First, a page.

You gave it 10% nitrogen, 10% phosphorus, and 10% potassium. I don't
really know your soil, so I will have to guess.
Nitrogen often promotes leaves and stems at the expense of flowers. It
should be used only once, at the beginning of the growing season. If
there is still some growing season remaining, a light dose might be
applied again after all flowering is done.
My soil usually has sufficient potassium without adding any fertilizer.
Phosphorus promotes flowers, but it does not disolve. It must be placed
in the planting hole before the plant goes into the ground. That way,
the roots will find the phosphorus. Putting 10-10-10 fertilizer on the
surface of the soil merely wastes the phosphorus.
My suggestion is to buy a bag of bone meal or superphospate and a 3-foot
length of 1/2-inch steel rebar. Poke the rebar into the ground as deep
as it will go about a foot away from the plant and wiggle the rebar to
increase the size of the hole. Fill the hole with bone meal or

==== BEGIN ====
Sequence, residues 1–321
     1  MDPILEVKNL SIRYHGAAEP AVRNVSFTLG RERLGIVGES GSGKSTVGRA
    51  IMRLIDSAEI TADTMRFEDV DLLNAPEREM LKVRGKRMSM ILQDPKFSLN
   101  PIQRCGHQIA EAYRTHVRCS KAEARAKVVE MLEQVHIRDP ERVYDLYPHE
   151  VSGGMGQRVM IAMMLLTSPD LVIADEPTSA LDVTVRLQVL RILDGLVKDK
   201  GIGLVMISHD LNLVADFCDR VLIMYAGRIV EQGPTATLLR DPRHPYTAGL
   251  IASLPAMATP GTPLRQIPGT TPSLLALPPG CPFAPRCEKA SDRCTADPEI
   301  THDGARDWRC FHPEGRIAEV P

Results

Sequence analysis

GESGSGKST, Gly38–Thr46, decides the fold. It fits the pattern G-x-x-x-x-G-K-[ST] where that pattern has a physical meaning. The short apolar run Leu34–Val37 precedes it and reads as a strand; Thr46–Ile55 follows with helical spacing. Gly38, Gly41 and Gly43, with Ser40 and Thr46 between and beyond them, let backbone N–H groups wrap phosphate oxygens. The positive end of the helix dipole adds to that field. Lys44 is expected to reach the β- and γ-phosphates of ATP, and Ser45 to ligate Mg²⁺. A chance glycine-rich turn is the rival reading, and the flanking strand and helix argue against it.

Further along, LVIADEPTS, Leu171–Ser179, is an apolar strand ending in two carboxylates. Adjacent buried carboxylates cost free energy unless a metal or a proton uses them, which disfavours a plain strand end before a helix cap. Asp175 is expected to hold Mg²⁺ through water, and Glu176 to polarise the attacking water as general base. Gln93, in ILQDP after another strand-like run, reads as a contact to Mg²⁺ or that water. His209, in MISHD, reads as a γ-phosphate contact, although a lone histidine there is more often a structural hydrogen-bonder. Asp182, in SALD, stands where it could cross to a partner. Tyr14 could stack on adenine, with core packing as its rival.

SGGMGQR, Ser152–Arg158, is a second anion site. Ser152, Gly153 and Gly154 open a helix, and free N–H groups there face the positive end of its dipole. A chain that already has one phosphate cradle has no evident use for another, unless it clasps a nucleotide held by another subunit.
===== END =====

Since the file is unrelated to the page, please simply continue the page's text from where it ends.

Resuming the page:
superphospate. Repeat, making a circle of 3-4 holes around each plant.
For older and larger plants, you might need a circle of 4-6 holes about
2 feet from each plant.
David E. Ross
Climate: California Mediterranean, see
Morning glory grows best in full sun on a rusty old fence in lousy
soil in vacant lots where no one gives them a fig of care... my
suggestion is to leave it TF alone before yoose kill it with a barrel
of toxic chemicals and a mountain of stupidity. And if yoose gotta
water it best is first thing in the morning to let loose when your
bladder is about to burst... why do you think it's called morning
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